9.3.1 Manipulating growth and development with applied plant growth regulators

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Plant growth regulators (PGRs) are a diverse group of chemicals classified by their ability to modify plant development and/or biochemical processes. They include not only the native plant hormones already discussed and their synthetic analogues, but also many other compounds that influence hormone phy-siology, especially inhibitors of hormone biosynthesis and compounds that block hormone action, perhaps by interfering with receptor binding.

How specific can we be?

From the preceding sections, it is clear that hormones are multifunctional, and responses depend on dose, site of ap-plication and developmental stage. In theory at least, we have the potential to influence almost any developmental process, and over the past 60 years probably just about every PGR on the shelf has been tried out. Controlling plant height, inducing flowering, increasing fruit numbers, generating seedless fruit, inducing seed germination — all worthy aims often with commercial success as reward for the ‘successful’.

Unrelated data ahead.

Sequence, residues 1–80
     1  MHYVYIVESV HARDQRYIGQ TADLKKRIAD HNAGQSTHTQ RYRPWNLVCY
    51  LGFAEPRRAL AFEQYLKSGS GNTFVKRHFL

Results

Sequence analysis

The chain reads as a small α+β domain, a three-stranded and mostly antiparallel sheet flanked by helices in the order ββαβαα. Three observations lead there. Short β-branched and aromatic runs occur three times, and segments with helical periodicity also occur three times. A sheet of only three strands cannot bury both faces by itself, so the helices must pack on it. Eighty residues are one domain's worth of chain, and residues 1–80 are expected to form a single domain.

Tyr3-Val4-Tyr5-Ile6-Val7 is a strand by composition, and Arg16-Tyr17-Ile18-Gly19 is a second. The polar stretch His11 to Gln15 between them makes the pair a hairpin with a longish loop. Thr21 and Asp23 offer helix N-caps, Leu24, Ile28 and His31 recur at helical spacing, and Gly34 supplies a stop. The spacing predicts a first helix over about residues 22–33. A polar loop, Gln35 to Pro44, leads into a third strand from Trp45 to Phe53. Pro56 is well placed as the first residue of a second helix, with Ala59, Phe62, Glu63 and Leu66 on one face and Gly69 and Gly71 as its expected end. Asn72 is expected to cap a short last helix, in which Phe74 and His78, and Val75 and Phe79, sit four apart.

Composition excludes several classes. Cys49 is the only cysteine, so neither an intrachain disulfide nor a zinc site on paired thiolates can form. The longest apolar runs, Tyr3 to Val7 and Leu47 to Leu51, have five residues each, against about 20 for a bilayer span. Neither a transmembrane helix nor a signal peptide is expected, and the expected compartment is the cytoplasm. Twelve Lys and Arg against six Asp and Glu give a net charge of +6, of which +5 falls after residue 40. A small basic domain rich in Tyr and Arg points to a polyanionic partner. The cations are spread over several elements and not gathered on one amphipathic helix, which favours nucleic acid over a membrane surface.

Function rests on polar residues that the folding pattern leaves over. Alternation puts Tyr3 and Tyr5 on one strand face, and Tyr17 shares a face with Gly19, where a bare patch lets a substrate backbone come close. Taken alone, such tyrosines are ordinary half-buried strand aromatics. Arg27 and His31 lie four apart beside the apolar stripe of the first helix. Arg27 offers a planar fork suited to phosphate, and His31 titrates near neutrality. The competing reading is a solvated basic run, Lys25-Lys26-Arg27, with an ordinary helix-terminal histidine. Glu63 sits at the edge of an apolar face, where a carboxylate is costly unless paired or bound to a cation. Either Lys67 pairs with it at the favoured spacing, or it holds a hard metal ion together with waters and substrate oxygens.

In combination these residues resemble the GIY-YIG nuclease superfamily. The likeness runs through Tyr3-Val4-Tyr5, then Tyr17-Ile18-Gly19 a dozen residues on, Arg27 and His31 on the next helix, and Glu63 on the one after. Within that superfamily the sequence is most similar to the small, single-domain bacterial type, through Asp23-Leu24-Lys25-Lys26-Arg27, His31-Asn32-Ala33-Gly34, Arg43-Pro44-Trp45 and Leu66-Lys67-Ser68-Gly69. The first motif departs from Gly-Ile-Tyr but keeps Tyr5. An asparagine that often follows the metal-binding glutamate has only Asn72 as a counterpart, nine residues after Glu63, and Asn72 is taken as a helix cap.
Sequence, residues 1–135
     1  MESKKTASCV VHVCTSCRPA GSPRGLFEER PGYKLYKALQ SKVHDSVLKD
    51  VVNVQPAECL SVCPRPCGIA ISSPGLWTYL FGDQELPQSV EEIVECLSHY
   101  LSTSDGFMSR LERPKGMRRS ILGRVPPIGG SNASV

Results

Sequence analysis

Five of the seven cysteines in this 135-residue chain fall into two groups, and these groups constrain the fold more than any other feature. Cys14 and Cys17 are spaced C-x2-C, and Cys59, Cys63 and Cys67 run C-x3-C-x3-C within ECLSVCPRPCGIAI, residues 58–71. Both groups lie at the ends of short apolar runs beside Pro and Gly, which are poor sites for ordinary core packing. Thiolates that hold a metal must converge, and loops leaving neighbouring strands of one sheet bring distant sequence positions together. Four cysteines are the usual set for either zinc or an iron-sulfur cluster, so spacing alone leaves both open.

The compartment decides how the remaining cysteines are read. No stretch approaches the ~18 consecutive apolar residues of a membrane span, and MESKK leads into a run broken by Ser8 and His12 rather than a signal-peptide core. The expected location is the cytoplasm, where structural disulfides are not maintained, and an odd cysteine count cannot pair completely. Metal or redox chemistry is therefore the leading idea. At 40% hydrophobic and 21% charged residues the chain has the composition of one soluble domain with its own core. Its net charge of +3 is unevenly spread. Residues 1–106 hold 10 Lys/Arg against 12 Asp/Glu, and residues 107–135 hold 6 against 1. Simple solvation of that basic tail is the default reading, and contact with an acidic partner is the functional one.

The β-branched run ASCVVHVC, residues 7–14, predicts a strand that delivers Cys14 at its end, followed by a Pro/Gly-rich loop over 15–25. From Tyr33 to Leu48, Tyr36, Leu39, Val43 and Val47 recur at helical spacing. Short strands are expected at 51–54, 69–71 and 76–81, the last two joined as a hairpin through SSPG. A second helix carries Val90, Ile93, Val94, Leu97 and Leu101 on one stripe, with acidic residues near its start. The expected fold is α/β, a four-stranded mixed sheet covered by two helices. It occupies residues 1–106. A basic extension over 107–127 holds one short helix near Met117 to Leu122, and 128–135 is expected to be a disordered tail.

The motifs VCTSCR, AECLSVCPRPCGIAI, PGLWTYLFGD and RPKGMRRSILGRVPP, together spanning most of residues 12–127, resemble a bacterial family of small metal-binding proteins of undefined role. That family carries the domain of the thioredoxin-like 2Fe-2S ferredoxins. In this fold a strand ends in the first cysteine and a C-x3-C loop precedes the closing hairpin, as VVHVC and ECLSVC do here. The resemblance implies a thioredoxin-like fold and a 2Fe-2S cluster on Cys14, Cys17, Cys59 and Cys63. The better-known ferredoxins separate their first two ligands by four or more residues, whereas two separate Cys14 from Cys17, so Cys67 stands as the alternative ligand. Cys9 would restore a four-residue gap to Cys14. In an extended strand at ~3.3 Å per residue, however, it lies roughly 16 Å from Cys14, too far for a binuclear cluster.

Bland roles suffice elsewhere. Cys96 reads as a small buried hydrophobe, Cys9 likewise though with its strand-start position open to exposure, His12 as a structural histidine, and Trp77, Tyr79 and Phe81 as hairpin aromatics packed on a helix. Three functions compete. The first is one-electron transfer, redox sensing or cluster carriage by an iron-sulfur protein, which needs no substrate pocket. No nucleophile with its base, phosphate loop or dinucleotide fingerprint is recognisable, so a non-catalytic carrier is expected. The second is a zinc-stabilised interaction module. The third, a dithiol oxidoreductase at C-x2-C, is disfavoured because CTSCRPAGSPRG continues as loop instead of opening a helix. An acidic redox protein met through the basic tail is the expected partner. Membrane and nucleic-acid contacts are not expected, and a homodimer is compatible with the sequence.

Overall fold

But all is not so simple. For every 100 attempts, probably only one becomes regular practice in agriculture or biotechnology. Why? The multifunctionality, the variability of response between genotypes, between tissues of different age, modification of response by environmental factors — all these can thwart the best planned strategy even with the ‘right’ dose, timing and placement on the plant. In pharmacological terms, the side effects are often stronger and more undesirable than the targeted response. Here we select a few examples which have found commercial application.